An almost continuous layer of lava buries most older geological features, with the exception of exposed strata within the Great West Notch and the Kibo Barranco. The former exposes intrusions of syenite.[12] Kibo has five main lava formations:[10]

  • Phonotephrites and tephriphonolites of the "Lava Tower group", on a dyke cropping out at 4,600 metres (15,100 ft), 482,000 years ago
  • Tephriphonolite to phonolite lavas "characterized by rhomb mega-phenocrysts of sodic feldspars" of the "Rhomb Porphyry group", 460,000–360,000 years ago
  • aphyric phonolite lavas, "commonly underlain by basal obsidian horizons", of the "Lent group", 359,000–337,000 years ago
  • porphyritic tephriphonolite to phonolite lavas of the "Caldera rim group", 274,000–170,000 years ago
  • phonolite lava flows with aegirine phenocrysts, of the "Inner Crater group", which represents the last volcanic activity on Kibo

Kibo has more than 250 parasitic cones on its northwest and southeast flanks that were formed between 150,000 and 200,000 years ago[10] and erupted picrobasalts, trachybasalts, ankaramites, and basanites.[10][12][13] They reach as far as Lake Chala and Taveta in the southeast and the Lengurumani Plain in the northwest. Most of these cones are well preserved, with the exception of the Saddle Plateau cones that were heavily affected by glacial action. Despite their mostly small size, lava from the cones has obscured large portions of the mountain. The Saddle Plateau cones are mostly cinder cones with terminal effusion of lava, while the Upper Rombo Zone cones mostly generated lava flows. All Saddle Plateau cones predate the last glaciation.[12]

According to reports gathered in the 19th century from the Maasai, Lake Chala on Kibo's eastern flank was the site of a village that was destroyed by an eruption.[20]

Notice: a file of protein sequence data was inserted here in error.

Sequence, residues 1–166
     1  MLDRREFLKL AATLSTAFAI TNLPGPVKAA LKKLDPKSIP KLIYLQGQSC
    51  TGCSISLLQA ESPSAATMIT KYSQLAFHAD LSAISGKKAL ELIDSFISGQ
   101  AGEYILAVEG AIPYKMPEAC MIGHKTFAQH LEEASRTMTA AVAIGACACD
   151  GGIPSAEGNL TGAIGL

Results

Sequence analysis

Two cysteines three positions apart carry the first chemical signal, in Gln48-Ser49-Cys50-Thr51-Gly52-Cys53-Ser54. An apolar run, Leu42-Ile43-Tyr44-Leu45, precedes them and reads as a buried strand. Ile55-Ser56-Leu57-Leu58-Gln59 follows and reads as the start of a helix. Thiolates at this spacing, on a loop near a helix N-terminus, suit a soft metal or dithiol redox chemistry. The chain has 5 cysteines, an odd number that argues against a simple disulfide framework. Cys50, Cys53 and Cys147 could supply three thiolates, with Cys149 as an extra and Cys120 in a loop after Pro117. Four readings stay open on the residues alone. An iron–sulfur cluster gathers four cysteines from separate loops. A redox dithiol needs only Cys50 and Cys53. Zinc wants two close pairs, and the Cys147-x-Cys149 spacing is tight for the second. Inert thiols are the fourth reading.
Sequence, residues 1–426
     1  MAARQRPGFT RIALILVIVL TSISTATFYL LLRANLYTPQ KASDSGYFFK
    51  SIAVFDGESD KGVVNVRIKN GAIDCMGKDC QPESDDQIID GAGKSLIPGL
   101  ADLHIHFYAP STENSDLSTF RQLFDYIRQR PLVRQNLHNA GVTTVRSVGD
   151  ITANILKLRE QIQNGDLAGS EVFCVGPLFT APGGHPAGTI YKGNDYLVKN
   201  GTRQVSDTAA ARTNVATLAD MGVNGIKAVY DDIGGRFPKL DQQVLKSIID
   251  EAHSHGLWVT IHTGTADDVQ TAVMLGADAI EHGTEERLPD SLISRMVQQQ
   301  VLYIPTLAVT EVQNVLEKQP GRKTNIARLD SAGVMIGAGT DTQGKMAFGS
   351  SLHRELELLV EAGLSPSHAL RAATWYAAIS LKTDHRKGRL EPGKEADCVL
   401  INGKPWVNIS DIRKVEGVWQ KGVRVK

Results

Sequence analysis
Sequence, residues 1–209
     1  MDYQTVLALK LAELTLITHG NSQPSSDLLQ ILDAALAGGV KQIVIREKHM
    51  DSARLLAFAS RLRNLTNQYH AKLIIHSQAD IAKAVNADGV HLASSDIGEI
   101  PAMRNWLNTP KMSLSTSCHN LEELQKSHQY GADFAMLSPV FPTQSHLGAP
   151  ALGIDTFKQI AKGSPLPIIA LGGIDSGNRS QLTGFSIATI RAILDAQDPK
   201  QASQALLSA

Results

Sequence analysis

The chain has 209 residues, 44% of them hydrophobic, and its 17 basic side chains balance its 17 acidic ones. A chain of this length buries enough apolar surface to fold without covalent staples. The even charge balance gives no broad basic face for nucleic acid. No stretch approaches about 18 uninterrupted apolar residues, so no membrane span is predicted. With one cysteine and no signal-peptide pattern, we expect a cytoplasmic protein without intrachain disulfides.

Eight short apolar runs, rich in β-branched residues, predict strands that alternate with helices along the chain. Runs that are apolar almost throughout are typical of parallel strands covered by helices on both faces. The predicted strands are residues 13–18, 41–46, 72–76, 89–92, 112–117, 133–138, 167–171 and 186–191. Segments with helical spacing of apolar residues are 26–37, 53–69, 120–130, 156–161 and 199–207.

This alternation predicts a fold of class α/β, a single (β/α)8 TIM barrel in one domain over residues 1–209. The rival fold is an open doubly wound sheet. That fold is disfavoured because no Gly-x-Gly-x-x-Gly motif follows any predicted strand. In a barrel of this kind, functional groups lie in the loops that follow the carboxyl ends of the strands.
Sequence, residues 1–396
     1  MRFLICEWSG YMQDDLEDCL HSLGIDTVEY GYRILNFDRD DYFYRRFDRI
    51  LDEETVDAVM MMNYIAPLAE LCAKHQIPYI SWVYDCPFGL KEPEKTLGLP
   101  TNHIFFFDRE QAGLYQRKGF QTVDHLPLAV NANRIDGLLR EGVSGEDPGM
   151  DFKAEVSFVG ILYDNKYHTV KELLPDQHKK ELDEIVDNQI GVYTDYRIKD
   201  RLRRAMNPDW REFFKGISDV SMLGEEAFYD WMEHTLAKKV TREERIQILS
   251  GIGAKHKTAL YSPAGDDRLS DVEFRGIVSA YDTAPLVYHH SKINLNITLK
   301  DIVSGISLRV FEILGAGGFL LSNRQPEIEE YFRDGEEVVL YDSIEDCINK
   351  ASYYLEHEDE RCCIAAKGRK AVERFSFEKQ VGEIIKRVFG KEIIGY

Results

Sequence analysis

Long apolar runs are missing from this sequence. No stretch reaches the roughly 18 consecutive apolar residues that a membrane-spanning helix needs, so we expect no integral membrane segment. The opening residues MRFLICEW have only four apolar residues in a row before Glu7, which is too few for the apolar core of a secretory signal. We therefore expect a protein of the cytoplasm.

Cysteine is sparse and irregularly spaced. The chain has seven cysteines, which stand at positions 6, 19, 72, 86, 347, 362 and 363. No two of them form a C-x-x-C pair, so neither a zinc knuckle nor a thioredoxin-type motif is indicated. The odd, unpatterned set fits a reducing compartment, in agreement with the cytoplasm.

Drainage

The mountain is drained by a network of rivers and streams, especially on the wetter and more heavily eroded southern side and especially above 1,200 metres (3,900 ft). Below that altitude, increased evaporation and human water usage reduces the waterflows. The Lumi and Pangani rivers drain Kilimanjaro on the eastern and southern sides, respectively.[21]

Two of Kilimanjaro's volcanic cones: Kibo (left) and Mawenzi (right).
Other Languages
Afrikaans: Kilimandjaro
Alemannisch: Kilimandscharo
አማርኛ: ኪሊማንጃሮ
aragonés: Kilimanjaro
azərbaycanca: Kilimancaro
تۆرکجه: کلیمانجارو
Bân-lâm-gú: Kilimanjaro Soaⁿ
башҡортса: Килиманджаро
беларуская: Кіліманджара
беларуская (тарашкевіца)‎: Кіліманджара
български: Килиманджаро
Boarisch: Kilimandscharo
bosanski: Kilimanjaro
brezhoneg: Kilimanjaro
català: Kilimanjaro
čeština: Kilimandžáro
chiShona: Kilimanjaro
Cymraeg: Kilimanjaro
davvisámegiella: Kilimanjaro
Ελληνικά: Κιλιμάντζαρο
español: Kilimanjaro
Esperanto: Kilimanĝaro
euskara: Kilimanjaro
Fiji Hindi: Mount Kilimanjaro
français: Kilimandjaro
Gaeilge: Kilimanjaro
Gàidhlig: Kilimanjaro
galego: Kilimanjaro
Gĩkũyũ: Mount Kilimajaro
客家語/Hak-kâ-ngî: Kilimanjaro Sân
հայերեն: Կիլիմանջարո
हिन्दी: किलिमंजारो
hornjoserbsce: Kilimandźaro
hrvatski: Kilimandžaro
Bahasa Hulontalo: Hu'idu Kilimanjaro
Bahasa Indonesia: Kilimanjaro
interlingua: Monte Kilimanjaro
íslenska: Kilimanjaro
italiano: Kilimangiaro
къарачай-малкъар: Килиманджаро
ქართული: კილიმანჯარო
қазақша: Килиманджаро
kernowek: Kilimanjaro
Кыргызча: Килиманжаро
latviešu: Kilimandžāro
Lëtzebuergesch: Kilimanjaro
lietuvių: Kilimandžaras
Limburgs: Kilimanjaro
Luganda: Kilimanjaro
lumbaart: Kilimanjaro
македонски: Килиманџаро
Malagasy: Kilimanjaro
მარგალური: კილიმანჯარო
Bahasa Melayu: Gunung Kilimanjaro
Nederlands: Kilimanjaro (berg)
нохчийн: Килиманджаро
norsk nynorsk: Kilimanjaro
occitan: Kilimanjaro
олык марий: Килиманджаро
oʻzbekcha/ўзбекча: Kilimanjaro
ਪੰਜਾਬੀ: ਕਿਲੀਮੰਜਾਰੋ
پنجابی: کلیمنجارو
Picard: Kilimandjaro
Piemontèis: Kilimangiaro
Plattdüütsch: Kilimandscharo
português: Kilimanjaro
română: Kilimanjaro
rumantsch: Kilimandscharo
Runa Simi: Kilimanjaro
русиньскый: Кіліманджаро
русский: Килиманджаро
саха тыла: Килиманджаро
sicilianu: Kilimangiaru
Simple English: Mount Kilimanjaro
slovenčina: Kilimandžáro
slovenščina: Kilimandžaro
ślůnski: Kilimandżaro
Soomaaliga: Kilimanjaaro
српски / srpski: Килиманџаро
srpskohrvatski / српскохрватски: Kilimanjaro
Basa Sunda: Kilimanjaro
svenska: Kilimanjaro
Tagalog: Kilimanjaro
tarandíne: Kilimanjaro
татарча/tatarça: Kilimancaro
Türkmençe: Kilimanjaro
українська: Кіліманджаро
vèneto: Kilimanjaro
vepsän kel’: Kilimandžaro
Tiếng Việt: Núi Kilimanjaro
žemaitėška: Kėlėmandžars